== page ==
The Islamic banking industry in Malaysia is paving the way for a new phase of development. A comprehensive market infrastructure and a robust and progressive regulatory framework is already in place. Realising the need to explore new opportunities to bring Islamic finance to the next level, Malaysia has recently introduced value-based intermediation (VBI) principles.
In 2017, Islamic banking accounted for 71% of the increase in Malaysia's financial sector, overtaking conventional banks’ growth (RAM Rating Services Bhd). Malaysia's central bank, Bank Negara Malaysia (BNM) defines VBI as "an intermediation function that aims to deliver the intended outcomes of Shari’ah through practices, conduct and offerings" to contribute positively and sustainably to a wider range of stakeholders (environment, community and overall economy) without compromising shareholders’ financial returns and long-term interests.
The intended outcome of VBI is to encourage ethical values comparable to established frameworks such as Corporate Social Responsibility and Corporate Governance; Environmental, Social and Corporate Governance; and Ethical Finance and Sustainable, Responsible, Impact Investing albeit underpinned by Shari’ah principles as its distinguishing factor. The emphasis is on the strengthening of the role and impact of Islamic Banking Institutions (IBI). Essentially, VBI sets a new global standard that determines the moral compass and underlying values in everyday business dealings by IBIs. The aim is to improve the products and services they offer by considering the impact of their activities not only to their consumers, but also to wider stakeholders.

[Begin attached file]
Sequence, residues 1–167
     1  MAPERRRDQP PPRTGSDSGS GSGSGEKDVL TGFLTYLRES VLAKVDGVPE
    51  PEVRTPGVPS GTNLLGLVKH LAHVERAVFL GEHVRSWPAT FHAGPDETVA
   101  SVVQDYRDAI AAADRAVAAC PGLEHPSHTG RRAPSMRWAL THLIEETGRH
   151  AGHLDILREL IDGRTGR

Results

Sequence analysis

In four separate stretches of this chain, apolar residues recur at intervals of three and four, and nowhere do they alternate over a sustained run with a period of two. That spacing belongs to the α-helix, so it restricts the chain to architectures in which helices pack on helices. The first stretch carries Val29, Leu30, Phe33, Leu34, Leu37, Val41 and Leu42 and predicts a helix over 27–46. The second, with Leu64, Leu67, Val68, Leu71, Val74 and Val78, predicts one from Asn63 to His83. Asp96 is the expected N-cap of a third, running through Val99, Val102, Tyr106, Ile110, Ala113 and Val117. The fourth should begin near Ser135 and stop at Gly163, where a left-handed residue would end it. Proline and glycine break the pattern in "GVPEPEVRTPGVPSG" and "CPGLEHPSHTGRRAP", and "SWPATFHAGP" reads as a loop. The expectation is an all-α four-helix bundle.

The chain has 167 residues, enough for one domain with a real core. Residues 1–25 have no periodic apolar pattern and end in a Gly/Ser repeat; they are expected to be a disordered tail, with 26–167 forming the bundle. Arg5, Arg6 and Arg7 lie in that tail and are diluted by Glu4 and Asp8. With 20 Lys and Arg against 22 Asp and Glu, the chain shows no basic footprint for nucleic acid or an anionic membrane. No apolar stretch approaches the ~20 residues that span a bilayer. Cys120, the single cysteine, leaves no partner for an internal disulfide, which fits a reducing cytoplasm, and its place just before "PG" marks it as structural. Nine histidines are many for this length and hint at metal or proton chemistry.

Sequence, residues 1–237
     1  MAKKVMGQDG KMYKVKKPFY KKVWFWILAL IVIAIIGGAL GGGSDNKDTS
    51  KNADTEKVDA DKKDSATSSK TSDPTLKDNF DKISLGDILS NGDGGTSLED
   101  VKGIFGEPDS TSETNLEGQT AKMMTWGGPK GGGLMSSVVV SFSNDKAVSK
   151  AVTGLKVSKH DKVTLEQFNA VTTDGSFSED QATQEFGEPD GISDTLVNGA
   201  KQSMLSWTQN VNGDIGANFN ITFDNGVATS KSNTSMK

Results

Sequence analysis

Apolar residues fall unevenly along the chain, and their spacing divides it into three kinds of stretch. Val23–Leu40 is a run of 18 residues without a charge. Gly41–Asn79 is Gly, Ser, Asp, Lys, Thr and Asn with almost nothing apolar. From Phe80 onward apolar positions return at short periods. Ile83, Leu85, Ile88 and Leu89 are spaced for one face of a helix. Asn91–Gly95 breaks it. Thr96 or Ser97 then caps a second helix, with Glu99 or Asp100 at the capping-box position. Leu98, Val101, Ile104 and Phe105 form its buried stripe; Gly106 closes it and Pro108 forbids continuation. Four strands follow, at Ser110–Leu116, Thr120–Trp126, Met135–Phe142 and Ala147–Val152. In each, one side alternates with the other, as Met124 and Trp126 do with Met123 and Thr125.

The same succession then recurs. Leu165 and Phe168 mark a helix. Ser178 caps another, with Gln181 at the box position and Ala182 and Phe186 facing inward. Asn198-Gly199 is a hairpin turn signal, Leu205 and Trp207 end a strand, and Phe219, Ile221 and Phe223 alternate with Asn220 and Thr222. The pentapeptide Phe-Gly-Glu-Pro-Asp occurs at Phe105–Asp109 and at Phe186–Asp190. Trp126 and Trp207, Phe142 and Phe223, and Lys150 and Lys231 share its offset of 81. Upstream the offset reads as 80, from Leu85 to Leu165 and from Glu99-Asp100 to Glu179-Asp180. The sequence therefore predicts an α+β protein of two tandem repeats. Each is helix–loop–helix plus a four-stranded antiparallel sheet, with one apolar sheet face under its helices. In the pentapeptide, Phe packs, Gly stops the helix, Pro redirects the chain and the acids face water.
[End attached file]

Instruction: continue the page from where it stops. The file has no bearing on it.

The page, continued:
BNM introduced VBI in a strategy paper that was issued in March 2018, with nine major IBIs committing to integrating its principles into their own core practices. For example, Standard Chartered Saadiq is now applying a risk-based approach that assesses environmental and social risks in identified sensitive sectors to meet the highest standards for its clients.
BNM is also developing a VBI scorecard to measure adoption of the initiative. This is expected to launch in October this year in conjunction with the Global Islamic Finance Forum in Kuala Lumpur. The scorecards will be used as a self-assessment tool and will also be publicly disclosed to allow stakeholders to compare the performance of IBIs.
Given the size of the IBI market share and the industry's current level of maturity, Islamic banking players have the necessary capacity to drive this initiative to ensure sustainable growth. However, the intended outcomes of VBI are universal and may be relevant and beneficial to conventional financial institutions. It is already apparent that IBIs which focus on sustainability by adopting elements of VBI are experiencing higher return on asset and return on equity ratios, and are less volatile when compared with conventional banks.
According to BNM, IBIs must ensure that their strategy manifests the four underpinning VBI principles:
For example, VBI addresses issues relating to unfair contract terms in consumer contracts via its elements of good self-governance and best conduct. "Greater attention will be devoted to value creation and value-based businesses that reflect the true essence of Islamic finance", says BNM Governor, Muhammad bin Ibrahim.
The adoption of VBIs promotes transparency and fairness in doing business, thereby resulting in greater consumer confidence. Its impact-focused assessment encourages awareness of the socioeconomic impact of any action taken in order to ensure successful sustainability and to reduce negative externals. Nevertheless, in addition to committing to respective timelines in advancing this initiative, coordinated efforts amongst IBIs and collaboration between the industry's key stakeholders are crucial for effective implementation of VBI in order to yield significant positive impact and sustainability on the wider financial ecosystem.